Are you watching Jane the Virgin? If you’re not, you should, because it’s one of the best shows on TV right now. It’s got the grandmother/mother/daughter relationship of Gilmore Girls, the heartwarming and hilarious humor of Parks & Rec, and the impossible-to-keep-track-of-but-highly-entertaining plot of a show like Gossip Girl — or a telenovela, a genre it both embraces and parodies. Plus, lead actress Gina Rodriguez is AMAZING and makes me cry all the time.
And another reason to watch Jane the Virgin — the way it deals with pregnancy, abortion, and reproductive rights.
(Spoilers for Monday’s episode below.)
If you haven’t watched Jane the Virgin, you’d probably think that a show about a virgin who gets pregnant and decides to have the baby is pretty anti-choice — especially if you know that the show’s main character is a devout Catholic or have seen one of the often-repeated scenes where baby Jane is told to protect her virginity like a flower. But you would be wrong.
There have been hints of Jane the Virgin’s pro-choice viewpoint before: Although Jane decides to have the baby after she is accidentally artificially inseminated, she at least discusses her options, and having a TV show say the word ABORTION on TV is actually pretty rare. Earlier seasons also showed that Jane’s mother, Xiomara, considered abortion — at the advice of her very religious, but very protective mother Alba — when she became pregnant with Jane as a teenager.
Last season, we saw Xiomara and Jane’s father Rogelio reunite and fall in love — only to break up because Xiomara doesn’t want to have more kids and Rogelio does. The Season 2 finale ended with Xiomara discovering she was pregnant after a fling with Rogelio’s nemesis and rival telenovela star. In the Season 3 premiere, we see Xiomara tell Rogelio about her pregnancy — and the fact that she doesn’t intend to continue it.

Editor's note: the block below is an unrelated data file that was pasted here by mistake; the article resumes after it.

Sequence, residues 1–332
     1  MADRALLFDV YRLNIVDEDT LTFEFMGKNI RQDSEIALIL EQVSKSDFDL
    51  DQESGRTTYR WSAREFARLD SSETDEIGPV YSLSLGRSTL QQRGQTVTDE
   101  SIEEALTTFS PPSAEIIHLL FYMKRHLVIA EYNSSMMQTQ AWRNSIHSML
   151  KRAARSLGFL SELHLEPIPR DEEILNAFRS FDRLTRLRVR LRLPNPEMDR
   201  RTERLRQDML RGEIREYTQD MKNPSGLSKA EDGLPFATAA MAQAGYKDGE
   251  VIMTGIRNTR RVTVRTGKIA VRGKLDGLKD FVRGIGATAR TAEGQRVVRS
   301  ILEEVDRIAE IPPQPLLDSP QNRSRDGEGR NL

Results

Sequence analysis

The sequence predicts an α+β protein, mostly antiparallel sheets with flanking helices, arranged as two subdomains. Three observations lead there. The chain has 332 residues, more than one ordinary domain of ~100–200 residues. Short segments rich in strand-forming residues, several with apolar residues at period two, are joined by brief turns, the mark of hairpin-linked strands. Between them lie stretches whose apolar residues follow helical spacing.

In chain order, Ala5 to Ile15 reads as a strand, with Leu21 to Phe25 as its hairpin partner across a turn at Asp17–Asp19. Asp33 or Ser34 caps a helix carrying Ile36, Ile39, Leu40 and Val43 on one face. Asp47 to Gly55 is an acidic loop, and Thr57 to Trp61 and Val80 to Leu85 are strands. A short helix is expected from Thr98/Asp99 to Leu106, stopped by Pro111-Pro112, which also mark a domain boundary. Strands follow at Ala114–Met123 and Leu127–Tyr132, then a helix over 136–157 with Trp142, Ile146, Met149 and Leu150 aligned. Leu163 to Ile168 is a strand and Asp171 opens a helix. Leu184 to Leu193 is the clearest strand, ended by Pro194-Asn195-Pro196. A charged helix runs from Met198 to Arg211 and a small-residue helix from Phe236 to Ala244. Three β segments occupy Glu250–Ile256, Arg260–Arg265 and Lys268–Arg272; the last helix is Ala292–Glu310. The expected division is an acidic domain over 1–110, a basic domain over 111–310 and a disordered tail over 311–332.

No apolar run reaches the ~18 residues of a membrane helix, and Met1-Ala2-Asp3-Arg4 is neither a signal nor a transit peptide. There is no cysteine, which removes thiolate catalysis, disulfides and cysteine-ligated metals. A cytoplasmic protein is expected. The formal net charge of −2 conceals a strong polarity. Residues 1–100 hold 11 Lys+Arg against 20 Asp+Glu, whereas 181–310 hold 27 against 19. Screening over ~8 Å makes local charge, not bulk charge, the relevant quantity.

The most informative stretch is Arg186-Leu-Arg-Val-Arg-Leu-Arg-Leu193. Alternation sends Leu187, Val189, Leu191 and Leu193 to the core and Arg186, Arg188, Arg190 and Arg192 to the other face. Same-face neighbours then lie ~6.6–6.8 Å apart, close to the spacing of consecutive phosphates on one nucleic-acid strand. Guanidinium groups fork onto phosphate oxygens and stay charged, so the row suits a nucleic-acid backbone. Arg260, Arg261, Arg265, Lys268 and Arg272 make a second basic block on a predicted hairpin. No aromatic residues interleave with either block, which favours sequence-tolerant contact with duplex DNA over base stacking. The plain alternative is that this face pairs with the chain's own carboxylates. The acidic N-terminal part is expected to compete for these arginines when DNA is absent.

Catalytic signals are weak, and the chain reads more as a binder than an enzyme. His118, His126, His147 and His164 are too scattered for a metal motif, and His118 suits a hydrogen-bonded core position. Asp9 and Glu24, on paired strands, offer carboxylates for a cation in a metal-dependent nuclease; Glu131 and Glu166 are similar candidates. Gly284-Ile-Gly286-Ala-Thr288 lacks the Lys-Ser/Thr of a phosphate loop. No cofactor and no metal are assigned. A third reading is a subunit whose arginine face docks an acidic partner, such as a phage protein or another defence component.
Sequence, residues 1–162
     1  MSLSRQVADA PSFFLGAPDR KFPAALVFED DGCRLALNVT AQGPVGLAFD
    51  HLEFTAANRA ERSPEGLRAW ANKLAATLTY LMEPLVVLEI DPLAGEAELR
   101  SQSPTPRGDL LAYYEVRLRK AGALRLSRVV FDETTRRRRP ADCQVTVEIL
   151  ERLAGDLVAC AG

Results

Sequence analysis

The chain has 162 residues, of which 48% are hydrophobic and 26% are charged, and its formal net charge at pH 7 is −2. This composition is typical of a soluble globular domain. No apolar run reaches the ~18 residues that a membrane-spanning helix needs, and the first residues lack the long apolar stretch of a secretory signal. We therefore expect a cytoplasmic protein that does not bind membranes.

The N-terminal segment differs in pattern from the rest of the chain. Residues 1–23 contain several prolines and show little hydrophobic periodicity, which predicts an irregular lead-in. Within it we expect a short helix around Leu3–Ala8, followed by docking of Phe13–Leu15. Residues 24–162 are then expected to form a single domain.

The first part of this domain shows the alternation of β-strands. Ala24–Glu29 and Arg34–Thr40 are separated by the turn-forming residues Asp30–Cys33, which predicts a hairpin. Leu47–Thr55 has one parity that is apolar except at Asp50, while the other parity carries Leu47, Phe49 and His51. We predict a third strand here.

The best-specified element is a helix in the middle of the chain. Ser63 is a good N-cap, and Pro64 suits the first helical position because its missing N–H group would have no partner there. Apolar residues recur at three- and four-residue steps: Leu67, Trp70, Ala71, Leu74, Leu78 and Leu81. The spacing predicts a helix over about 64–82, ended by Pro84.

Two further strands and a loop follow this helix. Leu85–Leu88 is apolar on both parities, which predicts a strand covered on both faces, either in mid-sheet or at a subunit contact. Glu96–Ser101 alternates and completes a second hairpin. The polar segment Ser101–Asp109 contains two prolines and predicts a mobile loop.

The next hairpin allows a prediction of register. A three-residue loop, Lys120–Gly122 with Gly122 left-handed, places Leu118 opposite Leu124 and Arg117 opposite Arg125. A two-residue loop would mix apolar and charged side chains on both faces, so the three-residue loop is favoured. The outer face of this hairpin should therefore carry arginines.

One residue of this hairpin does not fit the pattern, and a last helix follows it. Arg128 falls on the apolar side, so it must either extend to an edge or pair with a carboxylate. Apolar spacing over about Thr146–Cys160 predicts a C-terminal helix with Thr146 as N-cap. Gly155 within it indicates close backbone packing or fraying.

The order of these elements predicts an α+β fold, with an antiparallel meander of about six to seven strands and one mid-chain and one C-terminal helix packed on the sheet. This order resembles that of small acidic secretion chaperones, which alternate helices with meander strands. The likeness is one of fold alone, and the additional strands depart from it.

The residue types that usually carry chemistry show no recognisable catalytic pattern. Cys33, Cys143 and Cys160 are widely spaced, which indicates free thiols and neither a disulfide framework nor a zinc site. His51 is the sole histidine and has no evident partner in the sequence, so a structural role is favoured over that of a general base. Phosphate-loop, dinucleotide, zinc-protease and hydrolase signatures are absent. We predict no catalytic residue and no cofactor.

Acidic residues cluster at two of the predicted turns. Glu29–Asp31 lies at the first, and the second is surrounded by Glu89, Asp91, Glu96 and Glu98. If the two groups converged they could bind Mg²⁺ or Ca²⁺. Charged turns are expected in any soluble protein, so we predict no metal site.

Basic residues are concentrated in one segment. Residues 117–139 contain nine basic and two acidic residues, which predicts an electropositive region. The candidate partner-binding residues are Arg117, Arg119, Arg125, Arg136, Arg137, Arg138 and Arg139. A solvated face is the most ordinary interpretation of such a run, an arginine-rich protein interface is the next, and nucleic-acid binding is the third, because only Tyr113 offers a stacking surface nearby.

Xiomara’s abortion actually happens offscreen, between episodes one and two. And the drama around Xiomara’s abortion in episode two doesn’t revolve around her feelings about her decision — she’s absolutely sure of her choice — but around the conflict with her mother, who thinks she should have continued the pregnancy. After a fight, they reconcile at the end of the episode when Alba says that although she doesn’t agree with Xiomara’s choice, she knows that it was her choice, and they mutually agree to mend their relationship (and tear down their newly repaired house’s ugly wallpaper). It's worth pointing out, too, that Alba is the only character who disagrees with Xiomara’s choice — Jane, Rogelio, and Jane’s new husband Michael all know about her decision and support her.
Showrunner Jennie Snyder-Urman told Buzzfeed, “Personally, I wanted to see a different type of abortion story on TV. One that didn’t show the woman tortured and guilt-ridden. While that certainly does happen, it is not the only response, nor is it the only story that should be told.”
She added, “We’ve had a few ‘surprising’ pregnancies on our show. But because we’d brought up abortion a few times as an option, and then dismissed it, I knew that for our next accidental pregnancy … we’d definitely dramatize a different choice. I felt like we owed that representation for balance. And also for realism!”
Planned Parenthood praised Jane the Virgin for its portrayal of abortion — and also pointed out that it’s the first time a Latina character has had an abortion on primetime TV. The Cut points to a study that shows that that on TV, women who get abortions are usually young, white, and wealthy; while in reality, of course, women of all ages, races, and socioeconomic status get abortions — including women who, like Xiomara, have one or more children.
“Pop culture can help challenge stigmas and change the conversation about abortion,” Caren Spruch, director of arts and entertainment engagement at Planned Parenthood, said in a statement. “We’re thrilled that the filmmakers behind Jane the Virgin recognize this.”
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